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Parallel plates and force

  1. Jan 31, 2009 #1
    1. The problem statement, all variables and given/known data
    Two parallel plates with area A and charges Q and -Q are being pulled apart by force F, so that the distance between, x, slowly increases. Express F in terms of Q, A and x.


    2. Relevant equations
    [tex]-\Delta PE=W[/tex]

    [tex]W=\int Fdx[/tex]

    [tex]\Delta PE=q_{0}\Delta V[/tex]

    [tex]Q=C\Delta V[/tex]

    [tex]C=\frac{A\epsilon_{0}}{d}[/tex]


    3. The attempt at a solution
    [tex]Q=C\Delta V[/tex]

    [tex]Q=\frac{A\epsilon_{0}}{x}\Delta V[/tex]

    [tex]\Delta V=\frac{Qx}{A\epsilon_{0}}[/tex]

    [tex]q_{0}\Delta V=\Delta PE[/tex] and in this case q0= -Q

    [tex]\Delta PE=\frac{Qx}{A\epsilon_{0}} (-Q)[/tex]

    [tex]W=-\Delta PE=-\frac{-QQx}{A\epsilon_{0}}[/tex]

    [tex]W=\frac{Q^{2}x}{A\epsilon_{0}}[/tex]

    [tex]W=\frac{Q^{2}x}{A\epsilon_{0}}=\int Fdx[/tex]

    Force is then equal to the derivative of my expression with respect to x.

    [tex]F=\frac{Q^{2}}{A\epsilon_{0}}[/tex]


    How can I get an answer independent of x? It.. just doesn't make sense to me. My friend and I both got this answer independently. Where have we gone wrong, or is it correct or.. something? I'm rather confused.

    (Ohhh the pain, did you know that Ctrl+W closes a tab [at least in Firefox]? Yeah, I was going to write W and managed to hit Ctrl instead of Shift.. towards the end of my attempt at a solution.)
     
  2. jcsd
  3. Jan 31, 2009 #2

    Delphi51

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    Homework Helper

    I don't understand the question. The force F "pulling the plates apart" must be an external applied force and there is no way to calculate it from the information given. Perhaps you are supposed to find the force of attraction between the oppositely charged plates. That would be ROUGHLY F = kQQ/x^2. The question does say "express in terms of Q, A and x" which means it is okay to have an x in the answer.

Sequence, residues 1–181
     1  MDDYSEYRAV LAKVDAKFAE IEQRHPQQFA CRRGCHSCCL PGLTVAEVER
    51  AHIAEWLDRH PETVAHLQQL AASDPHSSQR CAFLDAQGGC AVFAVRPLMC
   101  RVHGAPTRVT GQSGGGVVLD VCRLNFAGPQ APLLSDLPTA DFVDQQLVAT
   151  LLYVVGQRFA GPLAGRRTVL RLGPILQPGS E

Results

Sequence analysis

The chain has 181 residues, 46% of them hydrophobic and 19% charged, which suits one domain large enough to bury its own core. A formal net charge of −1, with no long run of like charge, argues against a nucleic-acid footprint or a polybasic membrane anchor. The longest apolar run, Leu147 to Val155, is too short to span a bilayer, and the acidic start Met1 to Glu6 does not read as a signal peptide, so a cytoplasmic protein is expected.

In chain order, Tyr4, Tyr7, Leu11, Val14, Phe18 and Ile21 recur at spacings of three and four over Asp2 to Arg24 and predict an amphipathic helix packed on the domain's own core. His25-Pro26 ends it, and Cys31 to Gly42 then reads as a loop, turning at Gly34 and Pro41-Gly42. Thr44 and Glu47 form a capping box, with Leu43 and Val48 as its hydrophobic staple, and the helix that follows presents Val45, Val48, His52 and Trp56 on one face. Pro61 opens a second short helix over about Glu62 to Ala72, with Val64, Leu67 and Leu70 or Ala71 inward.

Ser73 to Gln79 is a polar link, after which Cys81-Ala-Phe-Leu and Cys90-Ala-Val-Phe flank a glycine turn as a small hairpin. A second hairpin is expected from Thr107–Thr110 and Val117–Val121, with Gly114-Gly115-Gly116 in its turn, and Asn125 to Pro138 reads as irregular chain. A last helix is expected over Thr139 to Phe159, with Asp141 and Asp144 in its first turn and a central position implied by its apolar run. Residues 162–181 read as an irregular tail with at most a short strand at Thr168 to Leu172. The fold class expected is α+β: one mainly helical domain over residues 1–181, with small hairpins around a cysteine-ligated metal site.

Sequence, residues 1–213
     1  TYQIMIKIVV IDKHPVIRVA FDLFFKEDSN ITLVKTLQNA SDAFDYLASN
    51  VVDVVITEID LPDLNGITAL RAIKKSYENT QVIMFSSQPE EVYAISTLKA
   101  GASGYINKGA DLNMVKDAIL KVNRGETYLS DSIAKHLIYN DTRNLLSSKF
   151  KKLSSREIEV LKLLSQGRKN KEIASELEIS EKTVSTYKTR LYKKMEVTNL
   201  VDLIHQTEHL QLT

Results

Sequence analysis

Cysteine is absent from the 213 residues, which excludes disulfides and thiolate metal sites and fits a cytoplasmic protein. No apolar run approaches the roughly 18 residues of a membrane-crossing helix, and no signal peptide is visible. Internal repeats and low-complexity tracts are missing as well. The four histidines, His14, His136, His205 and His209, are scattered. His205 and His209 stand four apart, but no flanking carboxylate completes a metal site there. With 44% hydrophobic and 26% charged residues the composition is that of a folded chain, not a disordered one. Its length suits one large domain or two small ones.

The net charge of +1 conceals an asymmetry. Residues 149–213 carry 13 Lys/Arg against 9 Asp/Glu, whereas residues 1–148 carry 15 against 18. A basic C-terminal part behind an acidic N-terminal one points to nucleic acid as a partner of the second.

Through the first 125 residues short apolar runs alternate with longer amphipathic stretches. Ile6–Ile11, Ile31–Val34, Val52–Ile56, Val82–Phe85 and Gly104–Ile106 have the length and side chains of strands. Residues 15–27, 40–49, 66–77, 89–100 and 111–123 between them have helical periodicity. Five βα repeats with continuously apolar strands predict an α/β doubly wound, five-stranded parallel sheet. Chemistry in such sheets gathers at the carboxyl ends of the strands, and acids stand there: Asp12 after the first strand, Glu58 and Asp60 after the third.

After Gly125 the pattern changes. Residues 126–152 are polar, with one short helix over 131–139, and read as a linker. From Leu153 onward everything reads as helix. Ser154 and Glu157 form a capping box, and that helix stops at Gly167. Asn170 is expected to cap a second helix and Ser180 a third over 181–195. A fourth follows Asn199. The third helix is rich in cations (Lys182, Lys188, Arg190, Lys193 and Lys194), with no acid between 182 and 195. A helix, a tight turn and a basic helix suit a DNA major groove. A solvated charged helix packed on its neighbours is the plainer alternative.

I see you know about integration. That means you could do the force of attraction between the plates more accurately by considering a tiny charge dq in a bit of the plate area dA and the force it feels do to all the other dQ's on the other plate - integrating over dQ and dq to get the total force. A double integral. Oh, I don't think you can do all that without knowing the shape of the plate. The shape will matter.

    Sorry - I either don't know how to do it or there isn't enough information given.
     
  4. Jan 31, 2009 #3
    Ah, there was a bit more text in the question from the beginning, but there really wasn't anything important (it was on a test and I can't seem to remember the exact wording, however what I wrote was the useful part). He provided us with a little hand made drawing too, of like a parallel plate capacitor with a force F on the right plate ..

    Probably I've understood the question wrong or something.. but how on earth can both my friend and I get the same answer? And another friend of mine (who said she got Q^2x^2/Aepsilon, but then she realised she did the primitive of it instead of the derivative, so yeah..).

    And I bet you my teacher translated a question from Swedish to English. Wouldn't surprise me at all.. and he's not thet best in English. I think I'll just have to give up on this question then. Bummer, it's been nagging at me. (And a double integral doesn't really make sense to me, but then again I've only dealt with integrals from a textbook in Swedish, you never know.)
     
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